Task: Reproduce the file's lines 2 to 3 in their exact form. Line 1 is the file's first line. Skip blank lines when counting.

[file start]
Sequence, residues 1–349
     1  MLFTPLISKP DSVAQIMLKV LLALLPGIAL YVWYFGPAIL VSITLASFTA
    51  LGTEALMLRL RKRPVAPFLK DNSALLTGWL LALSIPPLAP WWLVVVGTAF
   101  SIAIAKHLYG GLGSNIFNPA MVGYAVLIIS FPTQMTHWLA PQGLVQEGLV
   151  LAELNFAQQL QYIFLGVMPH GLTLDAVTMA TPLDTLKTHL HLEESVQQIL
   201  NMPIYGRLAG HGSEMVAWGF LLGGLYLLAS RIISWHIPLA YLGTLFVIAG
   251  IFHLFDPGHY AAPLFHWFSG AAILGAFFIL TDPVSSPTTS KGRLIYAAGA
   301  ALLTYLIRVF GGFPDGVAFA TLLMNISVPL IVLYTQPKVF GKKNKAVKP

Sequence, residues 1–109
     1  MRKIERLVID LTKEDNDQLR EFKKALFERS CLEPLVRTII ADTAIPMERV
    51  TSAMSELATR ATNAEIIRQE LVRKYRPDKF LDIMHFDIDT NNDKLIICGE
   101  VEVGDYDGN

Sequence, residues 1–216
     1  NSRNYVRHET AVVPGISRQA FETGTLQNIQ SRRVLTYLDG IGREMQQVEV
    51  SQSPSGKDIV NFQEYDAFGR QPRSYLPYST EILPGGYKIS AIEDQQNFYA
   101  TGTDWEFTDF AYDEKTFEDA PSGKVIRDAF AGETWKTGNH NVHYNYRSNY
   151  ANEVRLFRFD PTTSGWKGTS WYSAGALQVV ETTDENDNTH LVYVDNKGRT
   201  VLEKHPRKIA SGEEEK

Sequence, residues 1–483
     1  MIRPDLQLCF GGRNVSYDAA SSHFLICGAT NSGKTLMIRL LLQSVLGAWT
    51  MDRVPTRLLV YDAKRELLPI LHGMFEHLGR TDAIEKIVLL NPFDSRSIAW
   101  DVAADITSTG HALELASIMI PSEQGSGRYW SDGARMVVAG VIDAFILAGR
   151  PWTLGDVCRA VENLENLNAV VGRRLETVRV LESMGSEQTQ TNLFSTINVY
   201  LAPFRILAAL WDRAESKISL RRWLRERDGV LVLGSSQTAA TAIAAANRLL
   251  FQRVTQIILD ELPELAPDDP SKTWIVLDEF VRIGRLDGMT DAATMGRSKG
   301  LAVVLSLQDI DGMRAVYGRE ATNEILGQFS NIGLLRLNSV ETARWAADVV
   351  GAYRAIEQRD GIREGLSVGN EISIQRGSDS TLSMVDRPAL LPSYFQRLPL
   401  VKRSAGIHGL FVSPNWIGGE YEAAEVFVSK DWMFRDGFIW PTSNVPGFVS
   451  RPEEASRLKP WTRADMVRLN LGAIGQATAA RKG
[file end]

     1  MLFTPLISKP DSVAQIMLKV LLALLPGIAL YVWYFGPAIL VSITLASFTA
    51  LGTEALMLRL RKRPVAPFLK DNSALLTGWL LALSIPPLAP WWLVVVGTAF